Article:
• 2
    @AKE, the real part of the complex value doesn't tell you much by itself - it's almost worthless. You probably want magnitude, which is sqrt(r^2 + i^2), or the square of the magnitude which is easier to calculate, leaving out the sqrt. Jan 13, 2011 at 4:46
  • What units are the real and imaginary parts? What units is the phase (meaning the units of the x axis)
    – Gulzar
    Oct 4, 2019 at 21:00
  • @Gulzar The magnitude of the y-axis is in the same units as the original input wave's y-axis. The real and imaginary parts are in the same units as the magnitude, but it usually doesn't make much sense to think about them independently, just like you wouldn't look at only one dimension of a distance vector. The phase is not the x-axis, phase is the angle of y in polar form — 360° = 2π radians = 1 cycle. The x-axis is frequency, and the scale depends upon the number of samples and the sample rate. See this other question for details on the x-axis: stackoverflow.com/q/4364823/90848 Oct 4, 2019 at 21:25

Here's what I've been able to come up with so far:

The y-axis seems likely to be in units of [Energy / Hz] !?

Here's how I'm deriving this (feedback welcomed!):

  1. the signal v(t) is in volts

  2. so after taking the Fourier integral: integral e^iwt v(t) dt , we should have units of [volts*seconds], or [volts/Hz] (e^iwt is unitless)

  3. taking the magnitude squared should then give units of [volts^2 * s^2], or [v^2 * s/Hz]

  4. we know Power is proportional to volts ^2, so this gets us to [power * s / Hz]

  5. but Power is the time-rate of change in energy, i.e. power = energy/s, so we can also write Energy = power * s

  6. this leaves us with the candidate conclusion [Energy/Hz]. (Joules/Hz ?!)

... which suggests the meaning "Energy content per Hz", and suggests as a use integrating frequency bands and seeing the energy content... which would be very nice if it were true...

Continuing... assuming the above is correct, then we are dealing with an Energy measurement, so this would suggest using 10log10 conversion to get into dB scale, instead of 20log10...


  • Everything looks good except it's not Energy/power, per se. Unless you have a specific resistance in mind, you shouldn't lie and just say it's Volts^2.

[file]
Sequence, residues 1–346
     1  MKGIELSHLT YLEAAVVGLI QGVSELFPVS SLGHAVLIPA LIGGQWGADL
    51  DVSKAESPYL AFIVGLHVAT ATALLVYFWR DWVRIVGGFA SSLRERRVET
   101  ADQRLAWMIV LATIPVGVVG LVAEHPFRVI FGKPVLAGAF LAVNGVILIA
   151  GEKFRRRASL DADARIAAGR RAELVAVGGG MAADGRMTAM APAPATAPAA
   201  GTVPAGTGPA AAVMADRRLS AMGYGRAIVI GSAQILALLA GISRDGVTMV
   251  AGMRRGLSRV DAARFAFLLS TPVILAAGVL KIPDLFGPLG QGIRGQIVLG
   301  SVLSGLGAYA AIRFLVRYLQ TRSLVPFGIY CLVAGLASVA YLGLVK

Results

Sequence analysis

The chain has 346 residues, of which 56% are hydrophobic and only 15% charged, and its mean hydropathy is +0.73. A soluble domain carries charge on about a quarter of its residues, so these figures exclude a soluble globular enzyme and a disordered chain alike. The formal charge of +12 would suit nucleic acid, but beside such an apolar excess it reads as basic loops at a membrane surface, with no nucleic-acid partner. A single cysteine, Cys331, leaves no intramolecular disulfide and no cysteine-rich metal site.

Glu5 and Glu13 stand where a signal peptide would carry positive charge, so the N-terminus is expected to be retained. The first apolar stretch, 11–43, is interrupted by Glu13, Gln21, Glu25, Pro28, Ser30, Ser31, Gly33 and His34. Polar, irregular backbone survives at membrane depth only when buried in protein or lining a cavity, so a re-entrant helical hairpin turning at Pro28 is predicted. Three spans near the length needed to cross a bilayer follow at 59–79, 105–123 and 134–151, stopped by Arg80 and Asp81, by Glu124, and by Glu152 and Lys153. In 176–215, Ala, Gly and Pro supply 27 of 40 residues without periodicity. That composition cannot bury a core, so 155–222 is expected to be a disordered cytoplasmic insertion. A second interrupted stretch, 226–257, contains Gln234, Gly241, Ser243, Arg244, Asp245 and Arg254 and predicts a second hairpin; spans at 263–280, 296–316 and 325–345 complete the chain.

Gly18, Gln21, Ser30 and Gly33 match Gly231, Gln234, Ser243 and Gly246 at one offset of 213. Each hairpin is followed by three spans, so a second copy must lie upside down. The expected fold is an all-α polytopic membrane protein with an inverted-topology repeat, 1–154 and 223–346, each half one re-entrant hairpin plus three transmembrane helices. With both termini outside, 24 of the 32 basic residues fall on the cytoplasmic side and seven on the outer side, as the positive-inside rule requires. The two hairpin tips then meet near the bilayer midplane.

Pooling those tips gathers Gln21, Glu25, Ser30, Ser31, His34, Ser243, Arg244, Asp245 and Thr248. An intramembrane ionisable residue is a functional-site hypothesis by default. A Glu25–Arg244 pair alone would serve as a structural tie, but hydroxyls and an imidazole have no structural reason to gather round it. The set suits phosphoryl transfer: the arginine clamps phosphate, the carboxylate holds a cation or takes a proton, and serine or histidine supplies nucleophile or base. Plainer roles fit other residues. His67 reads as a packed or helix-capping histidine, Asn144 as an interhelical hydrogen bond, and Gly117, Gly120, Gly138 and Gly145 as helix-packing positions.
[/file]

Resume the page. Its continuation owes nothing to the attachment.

– Victor Liu
    Oct 6, 2009 at 9:45
  • I have an ideal 50 ohm resistance in mind (the transmitting device impedance matched with the projector). P ~ V^2 / R with R taken as the 50 ohm constant load. Oct 6, 2009 at 9:52
  • 1
    @AssadEbrahim This was an old response so not sure if you're still around but this looks good! Further I believe Energy is $\Sum_{k=0}^{N-1}x[n]^2$ while power is $\frac{1}{N}\Sum_{k=0}^{N-1}x[n]^2$. So if we normalize the FFT by the length (which is the time duration in samples), we do end up with a power spectral density. Does this make sense to you? Apr 21, 2017 at 10:20
  • I'm not completely sure about your particular application, but when you did the Fourier integral in point #2, shouldn't you include the normalization constant in front, which would be in units of seconds^-1?
    – Louis
    Jun 14, 2017 at 18:50

The power into a resistor is v^2/R watts. The power of a signal x(t) is an abstraction of the power into a 1 Ohm resistor. Therefore, the power of a signal x(t) is x^2 (also called instantaneous power), regardless of the physical units of x(t).

For example, if x(t) is temperature, and the units of x(t) are degrees C, then the units for the power x^2 of x(t) are C^2, certainly not watts.

If you take the Fourier transform of x(t) to get X(jw), then the units of X(jw) are C*sec or C/Hz (according to the Fourier transform integral). If you use (abs(X(jw)))^2, then the units are C^2*sec^2=C^2*sec/Hz. Since power units are C^2, and energy units are C^2*sec, then abs(X(jw)))^2 gives the energy spectral density, say E/Hz. This is consistent with Parseval's theorem, where the energy of x(t) is given by (1/2*pi) times the integral of abs(X(jw)))^2 with respect to w, i.e., (1/2*pi)*int(abs(X(jw)))^2*dw) > (1/2*pi)*(C^2*sec^2)*2*pi*Hz > (1/2*pi)*(C^2*sec/Hz)*2*pi*Hz > E.

Conversion to a dB (log scale) scale does not change the units.

If you take the FFT of samples of x(t), written as x(n), to get X(k), then the result X(k) is an estimate of the Fourier series coefficients of a periodic function, where one period over T0 seconds is the segment of x(t) that was sampled. If the units of x(t) are degrees C, then the units of X(k) are also degrees C. The units of abs(X(k))^2 are C^2, which are the units of power. Thus, a plot of abs(X(k))^2 versus frequency shows the power spectrum (not power spectral density) of x(n), which is an estimate the power of a set of frequency components of x(t) at the frequencies k/T0 Hz.


Well, late answer I know. But I just had cause to do something like this, in a different context. My raw data was latency values for transactions against a storage unit - I resampled it to a 1ms time interval. So original data y was "latency, in microseconds." I had 2^18 = 262144 original data points, on 1ms time steps.

After I did the FFT, I got a 0th component (DC) such that the following held:

FFT[0] = 262144*(average of all input data).

So it looks to me like FFT[0] is N*(average of input data). That sort of makes sense - every single data point possesses that DC average as part of what it is, so you add 'em all up.

If you look at the definition of the FFT that makes sense too. All of the other components would involve sine and cosine terms too, but really the FFT is just a summation. The average is just the only one that happens to be present in all points equally, because you have cos(0) = 1.

  • So, to complete that thought, the UNITS have to be the same, because the FFT components are just a summation of the input components multiplied by dimensionless sine and cosine terms.
    – Kip Ingram
    Mar 11, 2017 at 4:19